A Tribute To Ralph Davis
Ralph Davis : 1921 - 2006

Ralph Davis at Fairmead School
Ralph spreads the Yeovil Town name to a new generation.
Ralph Davis, one of the last two links with the Yeovil Town F.A. Cup run of 1948-49, passed away suddenly on Monday 13th of March. He was 84. Ralph had still been watching his beloved Glovers right to the end, his final appearance at Huish Park being the previous Saturday for the 0-0 derby draw against Swindon Town.

Ralph was Somerset born and bred, living his whole life in Stoke-sub-Hamdon. He was working there for Southcombe Brothers, fittingly a gloving business, when signed by Alec Stock shortly before the end of the 1945-46 season. Although he'd played a few games for Hereford United during the war when he was serving in the R.A.F. Davis was to be a one club man. The appearance records for Yeovil Town are not complete for that period, but Davis clocked up close to 300 first team games for the Glovers. He was a left back, good in the tackle, but with the main asset of speed - hence his nickname amongst his team mates of 'The Rabbit'. In February 1953 he was advised to give up the game as mounting injuries took their toll. Although he did attempt a come back fallen arches in both feet proved too much and that was the finish for Ralph on the pitch.

Ralph celebrates Yeovil's League Two Championship, 2005
Ralph celebrates the latest triumph of his beloved Glovers.
Of course for the Yeovil players of that era, all part-timers with day jobs, it was the Cup run of 1948-49 that saw Yeovil Town knock out First Division Sunderland in the Fourth Round and make the trip to Maine Road to meet Manchester United in the Fifth that brought them fame World wide and immortality in Yeovil. Ex-Yeovil chairman Bryan Moore, who watched the win over the Roker Park outfit, remembered :

"Ralph was the only local boy who played for Yeovil in that Sunderland match and the great thing about him was that he continued supporting the club for the rest of his life. I will always remember him for some of his sliding tackles when he was a player. Weymouth had a player called Sammy McGowan who was the same build as Ralph and when they came up against each other they used to have some great battles."

Ralph Davis at Huish Park with Gary Johnson, 2002
Ralph and Gary meet ahead of the F.A. Trophy Final.

Davis himself recalled the day of the Sunderland match, recently voted as the greatest F.A. Cup giantkilling of all time, as the most important of his life :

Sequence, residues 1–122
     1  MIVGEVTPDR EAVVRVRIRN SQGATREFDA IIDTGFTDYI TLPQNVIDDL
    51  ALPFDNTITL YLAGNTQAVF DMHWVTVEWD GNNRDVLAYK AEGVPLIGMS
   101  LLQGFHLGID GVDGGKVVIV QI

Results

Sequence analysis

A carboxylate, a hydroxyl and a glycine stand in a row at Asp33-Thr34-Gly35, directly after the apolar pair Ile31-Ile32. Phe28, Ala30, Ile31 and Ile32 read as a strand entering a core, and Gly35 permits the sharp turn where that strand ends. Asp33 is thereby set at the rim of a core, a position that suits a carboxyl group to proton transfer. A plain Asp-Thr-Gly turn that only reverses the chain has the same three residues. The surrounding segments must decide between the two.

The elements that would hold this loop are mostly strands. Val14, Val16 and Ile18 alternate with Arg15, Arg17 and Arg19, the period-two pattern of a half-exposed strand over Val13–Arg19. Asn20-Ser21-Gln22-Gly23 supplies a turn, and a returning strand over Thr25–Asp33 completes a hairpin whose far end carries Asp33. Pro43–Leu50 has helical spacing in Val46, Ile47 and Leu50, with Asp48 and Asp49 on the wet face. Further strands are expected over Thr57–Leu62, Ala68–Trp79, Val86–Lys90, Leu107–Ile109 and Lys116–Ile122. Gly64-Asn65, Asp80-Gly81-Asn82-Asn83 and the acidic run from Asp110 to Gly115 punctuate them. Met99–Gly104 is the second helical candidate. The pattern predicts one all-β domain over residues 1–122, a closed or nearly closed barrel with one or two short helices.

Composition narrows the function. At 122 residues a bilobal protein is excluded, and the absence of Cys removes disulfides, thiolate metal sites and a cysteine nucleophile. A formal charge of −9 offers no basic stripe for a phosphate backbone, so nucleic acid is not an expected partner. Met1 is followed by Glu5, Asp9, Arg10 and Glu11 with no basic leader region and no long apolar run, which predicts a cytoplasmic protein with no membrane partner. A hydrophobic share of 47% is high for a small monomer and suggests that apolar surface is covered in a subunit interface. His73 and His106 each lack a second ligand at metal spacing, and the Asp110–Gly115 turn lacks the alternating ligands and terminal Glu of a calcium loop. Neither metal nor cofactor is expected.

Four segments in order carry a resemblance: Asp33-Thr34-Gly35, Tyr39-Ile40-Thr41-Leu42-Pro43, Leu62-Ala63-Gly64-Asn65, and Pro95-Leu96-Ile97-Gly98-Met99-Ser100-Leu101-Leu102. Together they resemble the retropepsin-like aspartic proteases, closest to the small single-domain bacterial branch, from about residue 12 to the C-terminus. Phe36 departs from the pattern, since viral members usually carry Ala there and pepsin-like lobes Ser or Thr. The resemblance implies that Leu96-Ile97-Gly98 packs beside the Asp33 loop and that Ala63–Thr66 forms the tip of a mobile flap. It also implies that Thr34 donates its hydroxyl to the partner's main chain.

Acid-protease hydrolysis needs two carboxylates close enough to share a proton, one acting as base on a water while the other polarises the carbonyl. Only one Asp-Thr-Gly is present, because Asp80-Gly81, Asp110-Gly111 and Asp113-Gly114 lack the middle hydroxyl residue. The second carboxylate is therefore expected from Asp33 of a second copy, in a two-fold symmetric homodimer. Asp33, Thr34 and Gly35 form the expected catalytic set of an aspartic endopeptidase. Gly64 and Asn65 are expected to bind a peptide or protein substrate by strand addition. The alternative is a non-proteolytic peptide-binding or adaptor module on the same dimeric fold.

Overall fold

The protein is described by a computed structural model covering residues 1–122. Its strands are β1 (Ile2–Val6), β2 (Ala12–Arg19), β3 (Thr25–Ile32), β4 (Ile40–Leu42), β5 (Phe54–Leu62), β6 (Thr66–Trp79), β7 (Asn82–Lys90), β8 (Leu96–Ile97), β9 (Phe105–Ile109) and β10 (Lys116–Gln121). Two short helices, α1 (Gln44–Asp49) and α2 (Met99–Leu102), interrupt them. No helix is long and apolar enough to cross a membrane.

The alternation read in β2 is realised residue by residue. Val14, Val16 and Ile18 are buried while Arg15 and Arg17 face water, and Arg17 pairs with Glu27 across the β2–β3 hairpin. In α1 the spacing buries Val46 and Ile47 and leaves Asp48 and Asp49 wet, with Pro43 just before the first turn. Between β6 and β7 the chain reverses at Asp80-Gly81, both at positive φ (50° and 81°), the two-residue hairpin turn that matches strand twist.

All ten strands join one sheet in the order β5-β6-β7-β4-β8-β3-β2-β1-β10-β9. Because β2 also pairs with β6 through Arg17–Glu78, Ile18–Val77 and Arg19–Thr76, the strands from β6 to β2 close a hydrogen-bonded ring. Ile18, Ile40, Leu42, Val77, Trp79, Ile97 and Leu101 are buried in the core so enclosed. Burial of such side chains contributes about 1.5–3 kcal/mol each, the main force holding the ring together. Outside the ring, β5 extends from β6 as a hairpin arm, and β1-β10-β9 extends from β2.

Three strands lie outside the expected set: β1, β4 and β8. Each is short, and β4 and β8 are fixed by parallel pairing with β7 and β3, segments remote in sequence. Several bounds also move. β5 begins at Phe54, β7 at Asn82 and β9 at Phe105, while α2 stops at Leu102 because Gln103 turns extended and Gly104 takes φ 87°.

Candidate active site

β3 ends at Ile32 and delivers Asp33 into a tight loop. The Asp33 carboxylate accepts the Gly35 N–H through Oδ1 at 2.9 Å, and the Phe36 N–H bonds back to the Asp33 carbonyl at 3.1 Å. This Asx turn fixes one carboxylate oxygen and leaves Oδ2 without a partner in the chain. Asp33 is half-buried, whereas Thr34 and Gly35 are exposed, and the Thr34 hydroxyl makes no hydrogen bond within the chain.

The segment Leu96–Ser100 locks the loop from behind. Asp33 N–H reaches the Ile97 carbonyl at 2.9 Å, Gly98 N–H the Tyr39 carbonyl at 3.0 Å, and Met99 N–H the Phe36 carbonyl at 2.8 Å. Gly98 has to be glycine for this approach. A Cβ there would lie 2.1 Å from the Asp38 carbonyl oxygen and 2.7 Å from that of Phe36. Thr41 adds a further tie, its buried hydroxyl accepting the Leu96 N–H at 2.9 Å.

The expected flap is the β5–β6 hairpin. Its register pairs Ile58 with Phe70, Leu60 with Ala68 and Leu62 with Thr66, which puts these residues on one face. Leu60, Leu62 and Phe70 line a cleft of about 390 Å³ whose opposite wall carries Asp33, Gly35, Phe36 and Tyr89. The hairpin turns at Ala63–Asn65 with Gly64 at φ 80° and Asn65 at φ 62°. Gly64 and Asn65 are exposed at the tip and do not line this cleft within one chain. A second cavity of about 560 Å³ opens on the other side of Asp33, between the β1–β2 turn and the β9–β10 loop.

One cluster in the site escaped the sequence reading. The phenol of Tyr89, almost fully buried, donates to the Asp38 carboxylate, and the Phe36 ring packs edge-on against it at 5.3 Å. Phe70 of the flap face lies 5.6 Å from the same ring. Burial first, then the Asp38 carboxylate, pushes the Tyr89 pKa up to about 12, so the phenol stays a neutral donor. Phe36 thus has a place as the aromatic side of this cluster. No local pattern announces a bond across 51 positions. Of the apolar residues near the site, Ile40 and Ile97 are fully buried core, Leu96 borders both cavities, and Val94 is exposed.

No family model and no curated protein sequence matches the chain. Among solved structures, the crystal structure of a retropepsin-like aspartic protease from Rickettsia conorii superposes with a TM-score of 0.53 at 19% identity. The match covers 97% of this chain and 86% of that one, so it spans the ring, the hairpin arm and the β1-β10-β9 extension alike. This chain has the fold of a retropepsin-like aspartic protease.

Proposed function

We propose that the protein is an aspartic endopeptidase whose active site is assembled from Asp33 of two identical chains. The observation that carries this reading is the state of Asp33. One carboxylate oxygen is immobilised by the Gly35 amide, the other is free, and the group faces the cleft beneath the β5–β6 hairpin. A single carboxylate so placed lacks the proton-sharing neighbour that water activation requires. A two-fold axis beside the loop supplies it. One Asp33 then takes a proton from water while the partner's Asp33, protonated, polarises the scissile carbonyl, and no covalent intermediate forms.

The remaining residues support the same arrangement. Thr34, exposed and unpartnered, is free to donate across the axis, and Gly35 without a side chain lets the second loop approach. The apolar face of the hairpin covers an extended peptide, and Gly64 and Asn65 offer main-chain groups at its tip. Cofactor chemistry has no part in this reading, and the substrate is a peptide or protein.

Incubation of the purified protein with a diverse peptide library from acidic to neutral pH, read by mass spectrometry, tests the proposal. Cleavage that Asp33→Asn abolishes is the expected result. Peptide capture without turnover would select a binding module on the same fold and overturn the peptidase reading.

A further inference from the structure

"It was the greatest day of my life. But twice I thought the match would be abandoned and it would all count for nothing. First, with just five minutes remaining, the whole ground was covered by this incredible fog. No one could see a thing. I felt sure the referee would call it off. But then the fog disappeared as quickly as it had come. To this day I'm convinced the crowd were so excited by the prospect of a famous victory that they blew it away. Then, with two minutes to go, the ref blew up for a foul and the crowd, thinking it was all over, invaded the pitch. But we pleaded with them to go back and they did.

"Eric Bryant and Alec Stock scored the goals. Alec was a great manager, a father of 11 boys if you like. In the fifth round we got beaten 8-0 by Manchester United at Maine Road - Old Trafford was still not ready after the war."

However, although rightly proud of that achievement as a player, Davis was a true supporter of the club and keener to spread the message of Yeovil's recent successes than recall the past when approached by the media, usually when the Glovers were on another cup run. Unfailingly courteous and pleasant, he was a man who lived and breathed Yeovil Town, and it was touching that it was as a simple fan that he wondered if he might be allowed to meet Gary Johnson ahead of the F.A. Trophy Final against Stevenage Borough.

Mr Davis leaves a son, Brian, daughter, Margaret, four grandchildren and six great-grandchildren. Our sincere condolences to his family and friends. Ralph was an absolute gentleman and will be much missed by all who knew him.

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Last Updated : 18th March 2006
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